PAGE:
By Darlington Chiluba
THE year 2018 will be remembered as the year Zambia experienced the brutal side of international finance markets and speculative behaviour. What would have been local debate a few years ago about national finance made international news and affected the economy such that by August 2018 the Kwacha depreciated by 2.5 percent against the United States (US) dollar. Some speculated that actual debt exceeded what was on record and nuanced Zambia’s incapacity to meet her debt obligations. None of this came to pass.
Indeed, part of what we learned during the year was the absolute need for proactive information from the authorities. Reactive information did very little in the heat of that moment and appeared to open other avenues of speculation which, without correct interventions by the central bank, could have been detrimental.
The case of the Asia crisis in 1997/8 serves as a lesson of how easily money flows into an economy when conditions such as interest rates and policy are favorable; and how easily money flows out of an economy when the same conditions are perceived to be absent or ineffective.
This causes fear and notions of economic mismanagement or failure arise. Malaysia serves as one of the finer examples of how to respond to such a crisis in the face of speculative behavior.
Another lesson was the power of international markets to either build or ruin an economy based on available information, misinformation or pure speculation. And due to this speculation, the value of our Eurobonds depreciated and became a genuine cost to the economy. Both these scenarios imposed a status that saw debt repayment take precedence over other sector expenditure in recent history of national budgets.
Across Africa, the cost of debt has been borne out of ambitious infrastructure expansions from Ethiopia to Kenya and Zambia. Similarly, the proposal to slow down on infrastructure spending has met unanimity in Africa as one of the ways to slow down debt contracting. And like Zambia, most African states and indeed global economies are now looking to restructure their economies by rebasing so that the revenue base is widened more than deepened. Deepening entails taxing the same sectors and the same finite number of employed citizens in various different ways such that eventually it erodes the money available for people to spend, i.e., disposable income, private consumption and ultimately weakens the public-private finance nexus.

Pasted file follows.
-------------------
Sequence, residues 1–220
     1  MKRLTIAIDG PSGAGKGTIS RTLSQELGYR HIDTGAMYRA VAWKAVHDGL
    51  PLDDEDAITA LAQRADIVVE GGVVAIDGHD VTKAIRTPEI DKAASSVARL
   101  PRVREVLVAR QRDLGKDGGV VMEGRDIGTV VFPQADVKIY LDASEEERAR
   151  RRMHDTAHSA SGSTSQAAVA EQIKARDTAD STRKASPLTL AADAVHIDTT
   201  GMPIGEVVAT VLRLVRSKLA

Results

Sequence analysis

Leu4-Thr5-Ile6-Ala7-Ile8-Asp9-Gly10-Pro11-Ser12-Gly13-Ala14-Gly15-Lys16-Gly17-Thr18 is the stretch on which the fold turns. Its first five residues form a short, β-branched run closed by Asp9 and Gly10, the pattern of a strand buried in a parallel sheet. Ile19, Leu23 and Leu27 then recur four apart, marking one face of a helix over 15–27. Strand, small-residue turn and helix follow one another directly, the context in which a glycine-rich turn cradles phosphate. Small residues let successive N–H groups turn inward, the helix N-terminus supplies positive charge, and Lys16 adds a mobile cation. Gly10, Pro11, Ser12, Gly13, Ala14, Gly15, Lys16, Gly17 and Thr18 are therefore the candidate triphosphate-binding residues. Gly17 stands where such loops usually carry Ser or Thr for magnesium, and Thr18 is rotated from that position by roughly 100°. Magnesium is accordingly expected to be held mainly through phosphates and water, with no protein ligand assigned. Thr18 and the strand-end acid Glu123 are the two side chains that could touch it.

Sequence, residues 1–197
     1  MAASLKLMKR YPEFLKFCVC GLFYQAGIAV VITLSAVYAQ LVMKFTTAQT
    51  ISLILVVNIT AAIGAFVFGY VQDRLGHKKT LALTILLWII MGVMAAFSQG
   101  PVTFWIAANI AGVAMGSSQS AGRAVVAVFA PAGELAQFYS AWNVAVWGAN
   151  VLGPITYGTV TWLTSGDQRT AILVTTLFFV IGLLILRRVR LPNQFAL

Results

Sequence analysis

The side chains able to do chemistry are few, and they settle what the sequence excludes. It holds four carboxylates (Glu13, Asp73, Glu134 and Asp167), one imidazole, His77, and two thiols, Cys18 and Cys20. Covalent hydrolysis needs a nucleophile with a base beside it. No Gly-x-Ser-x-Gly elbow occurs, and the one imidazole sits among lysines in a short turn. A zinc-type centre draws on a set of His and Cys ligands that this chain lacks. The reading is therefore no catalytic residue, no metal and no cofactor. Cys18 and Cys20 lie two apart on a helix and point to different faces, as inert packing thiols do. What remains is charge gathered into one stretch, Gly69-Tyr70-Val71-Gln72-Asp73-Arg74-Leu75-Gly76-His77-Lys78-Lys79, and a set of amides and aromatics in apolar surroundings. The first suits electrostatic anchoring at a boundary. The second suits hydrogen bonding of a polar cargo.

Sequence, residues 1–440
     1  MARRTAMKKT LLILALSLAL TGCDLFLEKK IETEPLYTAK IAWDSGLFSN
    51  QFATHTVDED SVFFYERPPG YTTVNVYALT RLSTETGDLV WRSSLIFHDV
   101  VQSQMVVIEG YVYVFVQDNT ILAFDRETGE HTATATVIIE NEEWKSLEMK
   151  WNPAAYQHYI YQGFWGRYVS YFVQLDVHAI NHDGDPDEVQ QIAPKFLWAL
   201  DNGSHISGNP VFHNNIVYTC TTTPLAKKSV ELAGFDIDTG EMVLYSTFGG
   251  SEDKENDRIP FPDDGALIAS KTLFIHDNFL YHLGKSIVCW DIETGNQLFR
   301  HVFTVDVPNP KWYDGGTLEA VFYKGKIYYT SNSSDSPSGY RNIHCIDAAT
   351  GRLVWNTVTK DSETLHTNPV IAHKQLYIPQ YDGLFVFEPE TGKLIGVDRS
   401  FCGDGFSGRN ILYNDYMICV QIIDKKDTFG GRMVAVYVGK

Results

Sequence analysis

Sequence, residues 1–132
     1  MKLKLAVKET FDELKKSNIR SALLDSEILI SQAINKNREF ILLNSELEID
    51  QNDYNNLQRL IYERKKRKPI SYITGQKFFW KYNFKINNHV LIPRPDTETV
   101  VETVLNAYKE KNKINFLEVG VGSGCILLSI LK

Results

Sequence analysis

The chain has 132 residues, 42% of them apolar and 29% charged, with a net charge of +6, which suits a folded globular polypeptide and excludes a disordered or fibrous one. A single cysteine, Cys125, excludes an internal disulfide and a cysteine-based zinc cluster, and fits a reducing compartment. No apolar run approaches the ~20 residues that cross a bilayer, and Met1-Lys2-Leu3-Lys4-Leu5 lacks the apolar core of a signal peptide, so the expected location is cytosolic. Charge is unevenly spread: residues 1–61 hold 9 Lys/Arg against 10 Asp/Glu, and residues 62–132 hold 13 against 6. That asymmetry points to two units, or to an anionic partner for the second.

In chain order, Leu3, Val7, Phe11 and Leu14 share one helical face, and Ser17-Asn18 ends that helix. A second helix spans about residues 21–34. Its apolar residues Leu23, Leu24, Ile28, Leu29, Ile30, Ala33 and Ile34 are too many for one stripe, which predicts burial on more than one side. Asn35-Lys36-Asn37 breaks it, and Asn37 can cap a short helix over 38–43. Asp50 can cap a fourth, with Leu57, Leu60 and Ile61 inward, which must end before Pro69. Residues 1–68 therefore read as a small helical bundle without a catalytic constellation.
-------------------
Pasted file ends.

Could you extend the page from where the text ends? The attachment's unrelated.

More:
Widening the tax base
Widening the tax base suggests structural expansion of existing sectors, for example, financial services mostly included banks and pension funds a few years ago. At the moment mobile money or digital finance has become a huge global phenomena and should become a significant component of Gross domestic product (GDP) and a revenue source. When revalued and included in the rebasing exercise, it would show a true picture and value of that sector and the same goes for health, agriculture and fisheries. So it’s a positive thing to rebase.
GDP in Zambia was about $2.5 billion in 1991
Looking at some of the 2018 issues it became tempting to forget that GDP in Zambia was about $2.5 billion in 1991 while debt exceeded $ 7 billion. The reverse is almost true in 2018, GDP is over $25 billion while debt is hovering about $9 billion because of consistent improvement in policy and institutions of government and finance overtime. This is why the Euromarkets were amenable to Zambia’s borrowing on the international market. As 2019 dawns, expectations of economic performance by different countries, regions and continents is all the discourse. Domestically, an ideal scenario in support of rebasing the economy would be rebasing to expand services and their contribution to GDP, and renewed focus on soft commodities.
This is why:
As stated above, the financial sector is not just a space for banks, pension funds, insurance companies and micro-finance institutions any more. The recent upsurge in digital platforms especially money transfer options has added significant value to that sector and will continue to do so beyond 2019.
There are currently 300 million mobile accounts in the world and more than 30 percent are based in sub- Saharan Africa. Further, it is expected that over U$ 150 billion will be invested in financial technology in the next three (3) years. This means homegrown companies like Zoona, Probase and Kazang are potential major contributors to GDP and revenue sources for government beyond current capacity. Their role and value in the future of our economy will not be on the fringes of finance but likely in the front.
Finance and insurance services in Zambia